By a good half, real estate prices have risen in this country. And since 2015, the increase has accelerated once more, as figures published by the Federal Statistical Office (Destatis) on Wednesday in Berlin. Since then, prices have risen annually between 4.7 and 7.5 percent. Especially affected are big cities like Berlin, Munich or Hamburg. Between 2016 and 2018 alone, condominium prices in the seven largest German cities rose by around a quarter.
The numbers of official statisticians impressively prove the dramatic situation on the housing market. Persistently dynamic growth, increased demand for real estate as a result of interest rate developments, and significantly lower completion figures in new construction would have led to a "shortage of affordable housing" in many places and triggered enormous price jumps, according to Destatis President Georg Thiel. In some cities, meanwhile, "overvaluations" of houses and condominiums of up to 30 percent can be assumed. The needs of 342,000 new housing units per annum determined by the Grand Coalition in the period up to 2021 were matched by only 287,000 completions in 2018. Among other things, capacity bottlenecks have led to a huge building construction, which reached a new high in 2018, with just under 700,000 approved but unfinished apartments.
In no other city is the housing and renting policy so much in the center of attention as in Berlin. Destatis therefore took a closer look at the situation in the capital: the number of inhabitants has increased by 175,000 over the last four years. The majority of new arrivals come from abroad, and the age group between 20 and 40 is particularly strong. However, the new housing construction, which had reached a historic low in 2006 in times of stagnating population development with 3,100 residential units, was unable to keep pace in any way. In 2018, 16,700 apartments were completed, much less than planned. The housing supply rate developed accordingly. In 2011, statistically 1000 Berlin households with an average household size of 1.7 persons were faced with 997 apartments. In 2015 there were still 952, currently the rate is 962.
That this undersupply drives up rents is obvious. The average new rents in the years 2005 to 2014 at 7.26 euros per square meter (net cold), it was from 2015 to 2018 already 9.16 euros and now it is more than ten euros. Within the city, however, there are significant differences: The new rents are from 2015 in Berlin-Mitte 3.52 euros higher than the average of the years before, in Marzahn-Hellersdorf, however, only one euro.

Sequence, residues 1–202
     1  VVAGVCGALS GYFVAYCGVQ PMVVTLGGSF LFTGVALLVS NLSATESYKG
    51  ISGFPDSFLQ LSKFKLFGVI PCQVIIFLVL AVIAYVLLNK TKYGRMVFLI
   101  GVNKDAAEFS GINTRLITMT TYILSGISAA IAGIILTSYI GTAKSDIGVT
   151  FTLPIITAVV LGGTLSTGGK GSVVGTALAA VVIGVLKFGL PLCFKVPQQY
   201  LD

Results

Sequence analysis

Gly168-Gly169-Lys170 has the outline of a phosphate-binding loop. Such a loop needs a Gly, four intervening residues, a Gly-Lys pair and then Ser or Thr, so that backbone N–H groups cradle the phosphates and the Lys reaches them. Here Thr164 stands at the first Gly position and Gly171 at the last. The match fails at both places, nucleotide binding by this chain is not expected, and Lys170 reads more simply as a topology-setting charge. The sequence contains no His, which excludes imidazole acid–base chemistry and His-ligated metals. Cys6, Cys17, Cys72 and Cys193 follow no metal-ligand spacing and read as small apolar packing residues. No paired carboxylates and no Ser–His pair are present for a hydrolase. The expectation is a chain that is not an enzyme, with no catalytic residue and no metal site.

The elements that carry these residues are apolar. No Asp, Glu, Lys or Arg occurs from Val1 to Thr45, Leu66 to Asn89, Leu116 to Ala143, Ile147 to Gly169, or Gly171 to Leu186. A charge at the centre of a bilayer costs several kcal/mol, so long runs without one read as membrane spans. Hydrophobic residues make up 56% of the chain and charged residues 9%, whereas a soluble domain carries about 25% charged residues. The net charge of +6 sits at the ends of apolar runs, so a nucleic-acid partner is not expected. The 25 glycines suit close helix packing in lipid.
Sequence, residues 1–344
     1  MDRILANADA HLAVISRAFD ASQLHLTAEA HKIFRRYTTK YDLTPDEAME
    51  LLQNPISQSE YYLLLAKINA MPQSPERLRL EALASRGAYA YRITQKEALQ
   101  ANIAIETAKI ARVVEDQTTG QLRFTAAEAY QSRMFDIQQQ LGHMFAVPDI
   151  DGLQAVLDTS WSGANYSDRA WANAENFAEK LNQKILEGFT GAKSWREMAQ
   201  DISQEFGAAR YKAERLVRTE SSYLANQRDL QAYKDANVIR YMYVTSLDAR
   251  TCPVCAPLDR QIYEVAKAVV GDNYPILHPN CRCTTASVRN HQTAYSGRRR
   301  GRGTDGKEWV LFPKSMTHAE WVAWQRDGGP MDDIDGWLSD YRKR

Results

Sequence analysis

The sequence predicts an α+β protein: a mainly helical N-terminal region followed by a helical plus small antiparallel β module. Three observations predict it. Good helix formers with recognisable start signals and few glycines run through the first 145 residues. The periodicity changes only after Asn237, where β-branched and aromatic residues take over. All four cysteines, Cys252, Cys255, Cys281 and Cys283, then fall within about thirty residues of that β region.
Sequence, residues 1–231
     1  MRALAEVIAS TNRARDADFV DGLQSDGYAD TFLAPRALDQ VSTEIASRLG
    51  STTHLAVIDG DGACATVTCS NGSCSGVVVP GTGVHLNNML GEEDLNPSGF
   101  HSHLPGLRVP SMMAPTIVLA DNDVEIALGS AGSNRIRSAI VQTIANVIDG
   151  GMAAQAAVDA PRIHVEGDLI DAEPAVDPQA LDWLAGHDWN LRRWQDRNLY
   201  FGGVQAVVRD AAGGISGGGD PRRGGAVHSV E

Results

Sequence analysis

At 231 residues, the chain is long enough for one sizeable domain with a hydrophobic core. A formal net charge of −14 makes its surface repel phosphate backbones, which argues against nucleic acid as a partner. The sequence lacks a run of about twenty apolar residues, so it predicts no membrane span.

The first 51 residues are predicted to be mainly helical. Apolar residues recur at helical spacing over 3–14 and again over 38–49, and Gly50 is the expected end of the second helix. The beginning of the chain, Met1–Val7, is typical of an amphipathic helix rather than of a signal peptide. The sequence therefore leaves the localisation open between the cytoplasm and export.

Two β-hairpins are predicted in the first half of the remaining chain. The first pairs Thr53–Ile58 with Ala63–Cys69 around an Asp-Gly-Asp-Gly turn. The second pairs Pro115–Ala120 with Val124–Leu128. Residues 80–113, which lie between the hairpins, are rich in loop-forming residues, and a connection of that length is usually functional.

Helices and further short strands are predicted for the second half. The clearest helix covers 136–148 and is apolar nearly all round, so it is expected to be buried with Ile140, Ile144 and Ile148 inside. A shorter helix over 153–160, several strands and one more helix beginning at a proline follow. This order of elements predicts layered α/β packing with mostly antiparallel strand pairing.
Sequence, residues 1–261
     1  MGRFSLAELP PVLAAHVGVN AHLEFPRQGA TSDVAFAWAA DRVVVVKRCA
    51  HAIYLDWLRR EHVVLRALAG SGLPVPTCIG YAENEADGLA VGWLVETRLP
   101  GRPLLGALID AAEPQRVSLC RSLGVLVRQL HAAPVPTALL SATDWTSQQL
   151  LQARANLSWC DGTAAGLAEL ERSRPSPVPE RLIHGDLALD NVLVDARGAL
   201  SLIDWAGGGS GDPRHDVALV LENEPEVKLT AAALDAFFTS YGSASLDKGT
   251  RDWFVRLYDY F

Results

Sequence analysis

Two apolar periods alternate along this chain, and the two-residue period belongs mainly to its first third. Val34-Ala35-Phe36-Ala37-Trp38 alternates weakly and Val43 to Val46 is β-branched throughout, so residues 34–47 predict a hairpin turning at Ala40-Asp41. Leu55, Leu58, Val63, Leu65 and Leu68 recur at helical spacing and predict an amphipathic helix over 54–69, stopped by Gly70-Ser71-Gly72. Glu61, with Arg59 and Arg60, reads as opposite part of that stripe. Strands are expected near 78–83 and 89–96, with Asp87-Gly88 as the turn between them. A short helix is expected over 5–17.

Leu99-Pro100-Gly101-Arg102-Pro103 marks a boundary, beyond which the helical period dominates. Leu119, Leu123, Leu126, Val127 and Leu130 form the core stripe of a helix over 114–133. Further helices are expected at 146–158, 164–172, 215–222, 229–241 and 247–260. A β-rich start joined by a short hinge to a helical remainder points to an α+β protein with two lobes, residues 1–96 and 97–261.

This is accompanied by the process, often referred to as "gene-trification", of crowding out low-income and normal earners from inner-city neighborhoods. In a differentiated according to old and new tenants income survey, the Office of Statistics Berlin-Brandenburg comes to the conclusion that new tenants in Berlin's districts Mitte and Friedrichshain-Kreuzberg have an average of 450 euros more a month, as old tenants. The city-wide average is only 150 euros. But in Marzahn-Hellersdorf new tenants even have 325 euros less. The fact that the population structure in the individual city districts changes significantly due to the rental price trend, the statisticians summarize in their report.
Conversion of rented apartments into condominiums and the increasing proportion of condominiums in new construction projects also play an important role here. Although Berlin is still a "tenant city" with 82.6 percent of all households, the rate of self-employed homeowners has almost doubled within 15 years to 17.4 percent. In the new housing construction, the share of condominiums last year even 25.5 percent.
. (TagsToTranslate) Berlin (t) Rent (t) Housing